More generally, most of the foreign-born nationals are concentrated in Bohemia, particularly in regions bordering Poland and Germany, rather than Moravia, the Czech Republic’s eastern half. Other regions with high rates of foreign-born nationals include the Central Bohemian region outside of Prague (23,000) and South Bohemia (more than 7,000).
What are they doing in the Czech Republic?
According to the Czech statistical office, foreigners who are staying on the territory of the Czech Republic for over one year made up the vast majority (97%) of the total number of registered aliens.
Visas for the purpose of “employment and business” are particularly popular among citizens from Mongolia (82%), Ukraine (59%), and Vietnam (52%), with Czech authorities turning to these countries for cheap labor and with the aim of addressing a growing lack of workforce and mounting labor shortages. Meanwhile, people residing for the purpose of “family reunification” is higher among Asian citizens, most notably from South Korea (39%) and China (30%).
A lot of foreigners also come to the Czech Republic to pursue their studies. That’s particularly the case for citizens from Kazakhstan (57%), Russia (37%) and the United States (36%) – keeping in mind that EU citizens (mainly Slovaks) make up the bulk of foreign students enrolled in Czech universities (58%).
The Czech Republic has one of the lowest rates of asylum in the EU. In 2017, less than 2.700 foreign nationals were granted asylum status (compared to 208 in 2003). Most of them came from Ukraine (419), Syria (410), Belarus (250), Iraq (207) and Russia (198). 230 individuals that were granted asylum were stateless.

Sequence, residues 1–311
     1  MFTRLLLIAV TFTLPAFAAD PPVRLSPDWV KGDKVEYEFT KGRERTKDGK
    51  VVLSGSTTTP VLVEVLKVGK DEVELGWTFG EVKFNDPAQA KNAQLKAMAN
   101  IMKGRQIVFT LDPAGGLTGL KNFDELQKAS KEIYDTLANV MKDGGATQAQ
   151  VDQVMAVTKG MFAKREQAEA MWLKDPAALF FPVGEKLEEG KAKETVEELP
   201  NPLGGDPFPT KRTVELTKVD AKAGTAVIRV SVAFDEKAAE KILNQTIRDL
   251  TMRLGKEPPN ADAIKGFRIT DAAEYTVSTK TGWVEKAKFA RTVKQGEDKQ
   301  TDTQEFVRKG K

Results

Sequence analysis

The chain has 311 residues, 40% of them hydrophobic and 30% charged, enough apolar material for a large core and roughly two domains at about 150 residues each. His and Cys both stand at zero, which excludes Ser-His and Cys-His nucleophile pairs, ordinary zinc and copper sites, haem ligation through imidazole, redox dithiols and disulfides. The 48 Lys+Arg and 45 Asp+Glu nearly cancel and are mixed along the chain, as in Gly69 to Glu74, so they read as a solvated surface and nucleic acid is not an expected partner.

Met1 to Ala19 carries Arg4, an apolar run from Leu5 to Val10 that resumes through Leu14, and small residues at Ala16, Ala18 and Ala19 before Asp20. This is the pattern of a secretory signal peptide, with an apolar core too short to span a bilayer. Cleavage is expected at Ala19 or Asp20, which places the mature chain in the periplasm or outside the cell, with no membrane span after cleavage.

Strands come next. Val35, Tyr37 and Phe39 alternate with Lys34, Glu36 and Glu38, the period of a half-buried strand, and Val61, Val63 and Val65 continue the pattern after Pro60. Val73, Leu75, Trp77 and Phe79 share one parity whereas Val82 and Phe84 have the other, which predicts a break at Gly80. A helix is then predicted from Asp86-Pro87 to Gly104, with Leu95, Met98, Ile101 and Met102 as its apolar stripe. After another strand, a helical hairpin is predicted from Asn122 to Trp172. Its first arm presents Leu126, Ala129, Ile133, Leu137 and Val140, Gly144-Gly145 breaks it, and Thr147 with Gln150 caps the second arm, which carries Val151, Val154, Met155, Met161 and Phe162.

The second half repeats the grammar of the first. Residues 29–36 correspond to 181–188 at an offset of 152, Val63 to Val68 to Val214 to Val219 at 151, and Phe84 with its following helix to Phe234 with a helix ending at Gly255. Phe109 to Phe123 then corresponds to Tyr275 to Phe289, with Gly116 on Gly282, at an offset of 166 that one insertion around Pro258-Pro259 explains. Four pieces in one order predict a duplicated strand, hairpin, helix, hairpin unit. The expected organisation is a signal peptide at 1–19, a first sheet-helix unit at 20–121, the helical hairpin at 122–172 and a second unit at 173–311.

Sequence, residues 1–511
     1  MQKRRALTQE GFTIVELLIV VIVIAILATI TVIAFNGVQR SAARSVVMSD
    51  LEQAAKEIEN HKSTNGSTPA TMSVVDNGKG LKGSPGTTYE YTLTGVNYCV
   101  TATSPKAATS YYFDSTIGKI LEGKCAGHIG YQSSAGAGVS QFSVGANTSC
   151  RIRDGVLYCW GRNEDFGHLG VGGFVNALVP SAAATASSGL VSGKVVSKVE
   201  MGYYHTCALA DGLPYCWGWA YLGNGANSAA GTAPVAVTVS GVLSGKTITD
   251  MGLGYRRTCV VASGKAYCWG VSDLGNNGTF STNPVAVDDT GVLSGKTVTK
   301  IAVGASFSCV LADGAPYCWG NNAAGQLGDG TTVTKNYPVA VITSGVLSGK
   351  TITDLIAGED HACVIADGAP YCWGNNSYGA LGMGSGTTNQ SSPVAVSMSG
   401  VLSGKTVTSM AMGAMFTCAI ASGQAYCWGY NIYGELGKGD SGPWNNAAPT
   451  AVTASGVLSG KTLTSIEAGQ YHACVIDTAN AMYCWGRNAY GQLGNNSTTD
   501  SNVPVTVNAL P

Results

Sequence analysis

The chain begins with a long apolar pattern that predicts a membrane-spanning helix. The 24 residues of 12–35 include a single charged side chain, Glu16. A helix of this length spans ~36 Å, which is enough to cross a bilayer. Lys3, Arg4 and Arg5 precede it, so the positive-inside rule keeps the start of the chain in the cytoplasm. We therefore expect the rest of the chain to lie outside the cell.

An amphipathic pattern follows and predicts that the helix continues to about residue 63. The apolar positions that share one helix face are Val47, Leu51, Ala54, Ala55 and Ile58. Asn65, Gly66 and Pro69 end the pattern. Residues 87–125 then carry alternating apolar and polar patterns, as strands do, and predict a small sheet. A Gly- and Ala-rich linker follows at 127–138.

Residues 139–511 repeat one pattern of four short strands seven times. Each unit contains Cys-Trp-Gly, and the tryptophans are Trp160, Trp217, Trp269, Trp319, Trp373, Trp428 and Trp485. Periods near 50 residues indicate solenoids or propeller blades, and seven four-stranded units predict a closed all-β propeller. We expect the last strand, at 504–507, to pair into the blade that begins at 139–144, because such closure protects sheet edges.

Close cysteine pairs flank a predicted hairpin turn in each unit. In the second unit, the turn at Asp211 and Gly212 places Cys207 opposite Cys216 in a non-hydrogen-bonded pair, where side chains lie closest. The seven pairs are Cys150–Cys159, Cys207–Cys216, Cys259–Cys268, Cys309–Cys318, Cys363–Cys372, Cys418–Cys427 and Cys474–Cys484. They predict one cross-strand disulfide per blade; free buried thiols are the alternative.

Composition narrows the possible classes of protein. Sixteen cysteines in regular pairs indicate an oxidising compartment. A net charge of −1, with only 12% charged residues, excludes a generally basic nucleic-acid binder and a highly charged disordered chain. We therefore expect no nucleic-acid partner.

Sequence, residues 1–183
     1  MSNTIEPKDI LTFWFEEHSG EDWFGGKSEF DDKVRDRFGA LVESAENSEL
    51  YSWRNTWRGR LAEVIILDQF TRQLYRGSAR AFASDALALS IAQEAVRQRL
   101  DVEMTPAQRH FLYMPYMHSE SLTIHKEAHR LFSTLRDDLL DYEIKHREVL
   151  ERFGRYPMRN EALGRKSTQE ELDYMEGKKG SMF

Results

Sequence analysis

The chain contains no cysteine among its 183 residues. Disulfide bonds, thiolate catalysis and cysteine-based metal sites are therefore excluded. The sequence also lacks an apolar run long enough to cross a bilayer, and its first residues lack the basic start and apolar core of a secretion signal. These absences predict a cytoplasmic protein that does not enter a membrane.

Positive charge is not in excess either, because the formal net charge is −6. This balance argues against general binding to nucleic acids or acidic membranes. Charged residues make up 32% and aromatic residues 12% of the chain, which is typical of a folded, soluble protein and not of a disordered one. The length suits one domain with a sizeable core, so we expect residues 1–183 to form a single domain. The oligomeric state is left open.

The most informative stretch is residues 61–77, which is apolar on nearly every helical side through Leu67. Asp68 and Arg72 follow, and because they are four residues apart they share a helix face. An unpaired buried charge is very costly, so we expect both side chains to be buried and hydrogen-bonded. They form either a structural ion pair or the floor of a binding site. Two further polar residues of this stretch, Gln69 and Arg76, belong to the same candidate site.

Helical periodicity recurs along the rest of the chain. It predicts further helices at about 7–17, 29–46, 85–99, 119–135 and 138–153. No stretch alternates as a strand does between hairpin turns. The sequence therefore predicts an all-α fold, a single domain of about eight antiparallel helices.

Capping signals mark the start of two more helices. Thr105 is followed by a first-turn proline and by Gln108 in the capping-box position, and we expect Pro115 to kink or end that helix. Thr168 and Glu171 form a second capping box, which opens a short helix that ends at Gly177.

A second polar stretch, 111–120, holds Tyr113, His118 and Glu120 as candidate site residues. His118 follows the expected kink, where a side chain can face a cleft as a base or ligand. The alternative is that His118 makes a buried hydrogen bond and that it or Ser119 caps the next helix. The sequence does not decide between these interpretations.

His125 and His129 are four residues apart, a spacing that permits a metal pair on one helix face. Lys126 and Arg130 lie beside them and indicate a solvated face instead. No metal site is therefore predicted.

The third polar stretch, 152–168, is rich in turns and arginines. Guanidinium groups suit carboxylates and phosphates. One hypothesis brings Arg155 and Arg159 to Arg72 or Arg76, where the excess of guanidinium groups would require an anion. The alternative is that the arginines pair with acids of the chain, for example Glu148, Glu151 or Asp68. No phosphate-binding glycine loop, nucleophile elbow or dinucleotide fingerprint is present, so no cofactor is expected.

Love and personal relationships also bring many non-Czechs to immigrate. In 2017, there were more than 4,600 marriages between a Czech and non-Czech citizen on the territory (nearly twice as much as fifteen years ago). Marriages between Czech women and foreign men (2,654 marriages in 2017) are more common than the other way around. Most of the lucky grooms came from Slovakia, Germany, and the UK, while the equally lucky foreign brides marrying Czech men were mostly from Slovakia, Ukraine, and Russia.
The Czech Republic is proving to be a very attractive place for foreigners to reside, as attested by the increasing numbers of immigrants, the main driver of the population’s increase last year. And while Czechs are increasingly in favor of letting foreign workers being employed in the country, more than 40% of the population still view the country’s growing reliance on foreign workforce in a negative light, and hostility remains widespread, especially towards ethnic minorities.
Written by Lorna Radtke
Lorna Radtke is a student of international relations and European politics at Masaryk University in Brno, Czech Republic, and has previously also lived in Austria. Her desire to dive into European politics began during her secondary education years in the United States, her home country. Eager to pursue her interest in media and journalism by researching intriguing topics and writing original articles, she joined the team of Kafkadesk contributors in April 2019.